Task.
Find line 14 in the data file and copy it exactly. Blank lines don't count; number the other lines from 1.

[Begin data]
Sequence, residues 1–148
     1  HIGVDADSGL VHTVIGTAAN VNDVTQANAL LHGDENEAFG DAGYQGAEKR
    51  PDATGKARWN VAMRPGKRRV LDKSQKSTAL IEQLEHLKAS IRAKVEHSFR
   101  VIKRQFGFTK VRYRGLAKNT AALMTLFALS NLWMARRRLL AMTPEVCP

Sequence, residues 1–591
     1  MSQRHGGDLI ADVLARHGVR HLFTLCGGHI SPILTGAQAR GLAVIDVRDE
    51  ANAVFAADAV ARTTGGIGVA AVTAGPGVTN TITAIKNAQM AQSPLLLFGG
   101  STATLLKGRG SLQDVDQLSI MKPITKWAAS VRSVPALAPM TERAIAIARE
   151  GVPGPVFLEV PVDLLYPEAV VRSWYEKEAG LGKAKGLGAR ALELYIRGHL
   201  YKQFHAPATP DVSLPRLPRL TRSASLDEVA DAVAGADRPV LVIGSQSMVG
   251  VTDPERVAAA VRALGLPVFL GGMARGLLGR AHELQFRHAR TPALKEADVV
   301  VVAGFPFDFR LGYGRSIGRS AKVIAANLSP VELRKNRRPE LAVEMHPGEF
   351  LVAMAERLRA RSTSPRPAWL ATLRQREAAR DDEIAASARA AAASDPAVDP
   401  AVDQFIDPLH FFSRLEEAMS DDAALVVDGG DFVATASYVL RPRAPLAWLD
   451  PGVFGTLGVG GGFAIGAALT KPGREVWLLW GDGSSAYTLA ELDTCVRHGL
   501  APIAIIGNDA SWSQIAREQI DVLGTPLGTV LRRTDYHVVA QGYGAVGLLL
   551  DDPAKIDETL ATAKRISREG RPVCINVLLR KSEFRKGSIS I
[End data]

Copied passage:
   401  AVDQFIDPLH FFSRLEEAMS DDAALVVDGG DFVATASYVL RPRAPLAWLD